Lt. Scott Powell and Paramedic David Sinclair have been working around the clock.
"I think everyone's kind of used to being woken up in the middle of the night," said Sinclair. "We're used to running without any sleep."
Hamilton County emergency first responders get up to 70 calls on a typical day. Yesterday, it was double that.
They had 17 ambulances on the road, and added three extra crews. Some, like Powell, ended up responding to emergency calls in their personal cars.
"I was on the way into work, and a couple of calls went out on Big Ridge Road, I was actually there and was able to respond."
Crews often took their single all-terrain 6-wheel car through ditches, and around stacked up cars, to get patients to the ambulance.
"They actually had to get on foot several times to get to patients," said Powell.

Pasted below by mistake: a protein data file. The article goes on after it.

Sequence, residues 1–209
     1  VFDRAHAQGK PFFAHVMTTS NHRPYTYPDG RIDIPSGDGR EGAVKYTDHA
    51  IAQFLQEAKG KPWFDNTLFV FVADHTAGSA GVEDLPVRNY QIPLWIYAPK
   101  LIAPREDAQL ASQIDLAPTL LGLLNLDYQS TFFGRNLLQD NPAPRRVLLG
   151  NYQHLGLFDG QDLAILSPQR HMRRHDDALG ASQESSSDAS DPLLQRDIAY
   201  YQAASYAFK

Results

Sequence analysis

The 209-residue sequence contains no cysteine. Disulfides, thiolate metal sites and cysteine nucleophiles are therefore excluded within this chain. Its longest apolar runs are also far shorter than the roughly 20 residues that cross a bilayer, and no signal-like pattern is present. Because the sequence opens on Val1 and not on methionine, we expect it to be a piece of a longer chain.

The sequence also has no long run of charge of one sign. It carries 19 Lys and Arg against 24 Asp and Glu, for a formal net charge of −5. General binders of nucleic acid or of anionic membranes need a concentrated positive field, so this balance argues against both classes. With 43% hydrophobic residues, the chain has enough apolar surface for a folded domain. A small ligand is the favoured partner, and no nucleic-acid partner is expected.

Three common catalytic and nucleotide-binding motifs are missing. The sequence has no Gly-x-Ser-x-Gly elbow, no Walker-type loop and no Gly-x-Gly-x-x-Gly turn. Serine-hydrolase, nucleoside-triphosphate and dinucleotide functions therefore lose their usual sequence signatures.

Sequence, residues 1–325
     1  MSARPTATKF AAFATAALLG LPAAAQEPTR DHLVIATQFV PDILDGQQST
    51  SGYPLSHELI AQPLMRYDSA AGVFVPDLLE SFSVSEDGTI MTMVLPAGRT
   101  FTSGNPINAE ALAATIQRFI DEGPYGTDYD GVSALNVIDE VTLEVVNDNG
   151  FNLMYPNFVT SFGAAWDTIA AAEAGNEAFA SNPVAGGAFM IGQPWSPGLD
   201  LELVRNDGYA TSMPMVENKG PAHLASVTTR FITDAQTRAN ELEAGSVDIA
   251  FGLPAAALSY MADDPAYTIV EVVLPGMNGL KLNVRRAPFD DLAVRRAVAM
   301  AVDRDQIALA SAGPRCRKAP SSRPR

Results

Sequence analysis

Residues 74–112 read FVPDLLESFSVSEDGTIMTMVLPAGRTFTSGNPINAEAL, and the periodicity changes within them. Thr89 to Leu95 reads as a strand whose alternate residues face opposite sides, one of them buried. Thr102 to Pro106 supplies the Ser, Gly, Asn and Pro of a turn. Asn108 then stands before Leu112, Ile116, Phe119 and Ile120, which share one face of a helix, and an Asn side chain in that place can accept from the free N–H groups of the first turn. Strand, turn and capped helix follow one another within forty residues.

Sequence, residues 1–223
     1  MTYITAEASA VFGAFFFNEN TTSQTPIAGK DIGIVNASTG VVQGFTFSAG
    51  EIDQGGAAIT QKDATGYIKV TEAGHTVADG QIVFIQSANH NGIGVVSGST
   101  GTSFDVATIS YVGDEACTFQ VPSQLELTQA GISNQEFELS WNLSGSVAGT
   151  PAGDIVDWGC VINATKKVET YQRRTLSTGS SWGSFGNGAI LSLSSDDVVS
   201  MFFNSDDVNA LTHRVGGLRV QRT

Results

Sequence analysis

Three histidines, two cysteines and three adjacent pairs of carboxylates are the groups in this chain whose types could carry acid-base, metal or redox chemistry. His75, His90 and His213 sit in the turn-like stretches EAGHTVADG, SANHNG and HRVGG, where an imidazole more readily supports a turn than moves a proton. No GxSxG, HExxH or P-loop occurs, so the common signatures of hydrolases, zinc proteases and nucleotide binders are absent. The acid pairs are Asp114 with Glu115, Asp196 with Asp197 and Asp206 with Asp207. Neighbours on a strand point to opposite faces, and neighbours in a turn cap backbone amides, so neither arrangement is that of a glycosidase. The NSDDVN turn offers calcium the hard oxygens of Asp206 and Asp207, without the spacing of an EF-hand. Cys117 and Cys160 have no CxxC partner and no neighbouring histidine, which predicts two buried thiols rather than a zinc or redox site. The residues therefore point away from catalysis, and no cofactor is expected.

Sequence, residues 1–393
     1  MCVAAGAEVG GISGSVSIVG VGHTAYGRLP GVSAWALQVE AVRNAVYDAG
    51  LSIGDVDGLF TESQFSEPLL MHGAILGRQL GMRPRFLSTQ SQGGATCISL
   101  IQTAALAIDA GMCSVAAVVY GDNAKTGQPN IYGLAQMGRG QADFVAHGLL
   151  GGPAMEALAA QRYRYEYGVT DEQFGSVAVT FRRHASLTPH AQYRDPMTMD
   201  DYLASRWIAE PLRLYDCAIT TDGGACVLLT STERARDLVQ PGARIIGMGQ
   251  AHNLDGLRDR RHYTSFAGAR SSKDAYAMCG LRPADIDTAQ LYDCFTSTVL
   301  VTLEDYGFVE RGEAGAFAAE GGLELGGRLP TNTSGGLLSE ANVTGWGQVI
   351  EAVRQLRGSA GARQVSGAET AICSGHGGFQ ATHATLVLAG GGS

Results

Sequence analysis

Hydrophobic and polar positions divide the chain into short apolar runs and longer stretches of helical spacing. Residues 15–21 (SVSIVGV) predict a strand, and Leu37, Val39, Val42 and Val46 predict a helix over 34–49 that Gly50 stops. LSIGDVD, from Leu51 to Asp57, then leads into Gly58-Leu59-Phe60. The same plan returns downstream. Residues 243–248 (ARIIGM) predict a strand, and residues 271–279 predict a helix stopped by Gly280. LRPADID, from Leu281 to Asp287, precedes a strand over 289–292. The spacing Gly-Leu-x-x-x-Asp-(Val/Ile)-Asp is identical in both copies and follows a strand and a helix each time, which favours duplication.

The Chattanooga Fire Department was just as busy helping with accidents.
"Also fall victims, people with medical emergencies, and they're hard to get to," said Bruce Garner with the Chattanooga Fire Department. "It's been very challenging for all first responders."
This time around the majority of calls were for broken bones and more minor injuries.
"The wrecks were mostly low impact, low speed accidents, that had little or no injury," said Chief Kenneth Wilkerson, of Hamilton Co. Emergency Medical Services.
Every patient who needed to be taken to a hospital was taken care of, but the average ambulance ride was 90 minutes to 2 hours.
By: Betsy Goldin